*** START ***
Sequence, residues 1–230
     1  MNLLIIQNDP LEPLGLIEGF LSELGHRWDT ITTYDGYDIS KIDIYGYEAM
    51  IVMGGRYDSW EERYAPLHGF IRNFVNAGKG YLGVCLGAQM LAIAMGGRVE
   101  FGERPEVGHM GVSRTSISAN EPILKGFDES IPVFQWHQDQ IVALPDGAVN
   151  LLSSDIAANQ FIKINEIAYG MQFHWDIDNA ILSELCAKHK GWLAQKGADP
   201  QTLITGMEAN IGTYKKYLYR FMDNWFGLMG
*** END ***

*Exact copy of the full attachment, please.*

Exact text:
Sequence, residues 1–230
     1  MNLLIIQNDP LEPLGLIEGF LSELGHRWDT ITTYDGYDIS KIDIYGYEAM
    51  IVMGGRYDSW EERYAPLHGF IRNFVNAGKG YLGVCLGAQM LAIAMGGRVE
   101  FGERPEVGHM GVSRTSISAN EPILKGFDES IPVFQWHQDQ IVALPDGAVN
   151  LLSSDIAANQ FIKINEIAYG MQFHWDIDNA ILSELCAKHK GWLAQKGADP
   201  QTLITGMEAN IGTYKKYLYR FMDNWFGLMG